Under the Lanham Act, a trademark is considered abandoned “when its use has been discontinued with intent not to resume such use.” Three consecutive years of nonuse constitutes a prima facie showing of abandonment. As a result, if an owner abandons its trademark, the owner cannot prevent newcomers from coming along and bringing the trademark back to life. Trademark owners must actively use their marks in commerce to ensure a third-party will not revive the mark in the future and benefit from the original owner’s use. The developing case The Real USFL, LLC v. Fox Sports, Inc., demonstrates this concept in full force.
From 1983 to 1985, a group of investors created and ran a springtime professional football league named the United States Football League (“USFL”). The USFL featured legendary players such a Herschel Walker, Jim Kelly, Steve Young, Doug Flutie, Reggie White, and enjoyed moderate success. However, the business model crashed in 1986.
On June 3, 2021, Fox Sports announced its plan to bring back the United States Football League, including eight of the original USFL team names and logos—despite it having no connection with the original USFL.
Fox Sports planned to air its inaugural game on April 16, 2022. In response, The Real USFL commenced suit on February 28, 2022, in the United States District Court Central District of California for, among other causes of action, trademark infringement and unfair competition under the Lanham Act. The Real USFL filed a motion for preliminary injunction on March 17, 2022 to prevent Fox Sports from moving forward with the inaugural April 16 game. Although the district court denied the motion for failure to satisfy its burden for all elements of a preliminary injunction, the court’s holding is significant.
The court determined that The Real USFL was likely to succeed on a claim of trademark infringement. The Real USFL demonstrated its use of the disputed trademarks in commerce prior to Fox Sports’ use through the sale of apparel via a licensing agreement from October 2011 to December 2021. The court determined such use established The Real USFL’s ownership of the once dead/abandoned trademarks. The court held that the sale of apparel, in addition to a USFL reunion hosted by The Real USFL in 2007, an ESPN interview with the USFL’s chairman in 2008, issuing trademark releases for various media projects from 2006 to 2016, and management of royalties from the apparel sales, was enough to demonstrate at least an intent to use the trademarks in commerce and therefore sufficed to show ownership in the disputed marks.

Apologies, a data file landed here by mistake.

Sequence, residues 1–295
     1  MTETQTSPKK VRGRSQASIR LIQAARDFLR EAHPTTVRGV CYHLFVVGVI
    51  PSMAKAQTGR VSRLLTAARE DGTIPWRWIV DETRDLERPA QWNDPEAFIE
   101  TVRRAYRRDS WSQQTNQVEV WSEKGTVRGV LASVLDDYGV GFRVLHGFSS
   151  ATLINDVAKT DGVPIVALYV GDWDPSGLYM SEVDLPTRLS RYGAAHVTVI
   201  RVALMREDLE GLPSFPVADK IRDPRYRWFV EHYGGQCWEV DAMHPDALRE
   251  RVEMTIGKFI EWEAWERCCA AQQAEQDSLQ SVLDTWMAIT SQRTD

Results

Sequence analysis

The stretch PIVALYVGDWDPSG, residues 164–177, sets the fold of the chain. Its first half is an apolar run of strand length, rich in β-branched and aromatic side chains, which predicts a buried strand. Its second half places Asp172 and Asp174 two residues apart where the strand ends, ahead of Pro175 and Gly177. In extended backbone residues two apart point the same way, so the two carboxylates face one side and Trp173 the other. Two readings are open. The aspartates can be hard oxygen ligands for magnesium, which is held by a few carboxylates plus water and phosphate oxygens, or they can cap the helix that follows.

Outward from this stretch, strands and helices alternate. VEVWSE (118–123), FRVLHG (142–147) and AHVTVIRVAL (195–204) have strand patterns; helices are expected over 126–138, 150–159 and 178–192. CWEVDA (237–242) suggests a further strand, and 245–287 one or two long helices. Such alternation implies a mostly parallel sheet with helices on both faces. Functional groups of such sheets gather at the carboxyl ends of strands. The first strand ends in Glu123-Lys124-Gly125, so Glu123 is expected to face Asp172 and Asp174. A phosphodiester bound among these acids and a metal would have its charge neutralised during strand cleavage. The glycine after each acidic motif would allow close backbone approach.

Further, the court held that The Real USFL proved likelihood of confusion between its use and Fox Sports’ use. Although the motion for preliminary injunction was denied, the court indicated that The Real USFL may succeed on its trademark infringement action against Fox Sports.
This case provides a lesson to trademark owners—use in commerce, including licensing your mark, is vital to the continued ownership of the mark itself. The Real USFL may not have used its mark to the fullest extent, but its ownership of the mark may have been saved. Next time, your neglected trademark might not be so lucky should a third party determine it may be valuable for their business.
Should you have any questions about trademark abandonment or need assistance keeping your trademarks in use, please contact us.
 Id. at 1289 (quoting 15 U.S.C. § 1127).
 Jerome Gilson & Anne Gilson LaLonde, The Zombie Trademark: A Windfall and a Pitfall, 98 TRADEMARK REP. 1280, 1281 (2008).
 Complaint at 5, The Real USFL, LLC v. Fox Sports, Inc., (C.D. Cal 2022) (No. 2:22cv1350).
 The original USFL had a successful debut and signed solid television deals, but the league failed when it moved the season from the spring to the fall in an attempt to directly compete with the NFL. Bill Bender, What happened to the original USFL?, The Sporting News, April 14, 2022, https://www.sportingnews.com/us/nfl/news/original-usfl-herschel-walker-donald-trump-nfl-lawsuit/hvenfteztha4atfu4tgcuvyk.
 Id. at 15.
 Id. at 12.
 Id. at 27.
 Id. at 27-36.
 For a successful trademark infringement claim, a plaintiff must prove: (1) it has a protectable ownership in the trademark and (2) the defendant’s use of the trademark is likely to cause customer confusion. Pursuant to the Lanham Act, “Federal registration of a trademark is prima facie evidence that the registrant is the owner of the mark.” However, a non-registrant can rebut this presumption by showing it used the trademark in commerce first, which in turn would invalidate the trademark. Id. at 10.
 In 2021, Fox Sports sent a cease and desist letter to American Classics demanding the company to no longer sell USFL apparel. American Classics complied with Fox’s demands which led to the original USFL no longer having an online apparel presence. Complaint at 6, The Real USFL, LLC v. Fox Sports, Inc., (C.D. Cal 2022) (No. 2:22cv1350).
- Intellectual Property
- Social Media
- Medical Marijuana
- Trademark Litigation
- United States Patent and Trademark Office
- Craft Brewing
- Trademark Trial and Appeal Board
- Federal Trademark
- Amazon's Brand Registry
- Registered Trademark
- Medical Cannabis Dispensaries
- E-Discovery Case Law
- Drug Enforcement Agency
- Uniform Trade Secrets Act
- Regulation Fair Disclosure
- Securities Law
- Securities Regulation
- Trademark Abandonment: Lessons from The Real USFL v. Fox Sports
- Generic.com Terms Are Not Per Se Generic
- EU Trademarks Post-Brexit: Now What?
- Don’t end up on The Elf on the Shelf’s naughty list!
- Stay Out of Trouble With the Federal Trade Commission
- "Aloha Poke": Social Media and Consumer Perception are Part of the Trademark Enforcement Equation
- Could Any Old Yahoo Nab Chief Wahoo?
- Trademark Registration Practice is Officially…umm…Well, You’ll See
- Booze is Booze, Right? Not so fast...
- Enroll in Amazon’s Brand Registry 2.0… But Only if You Own a Registered Trademark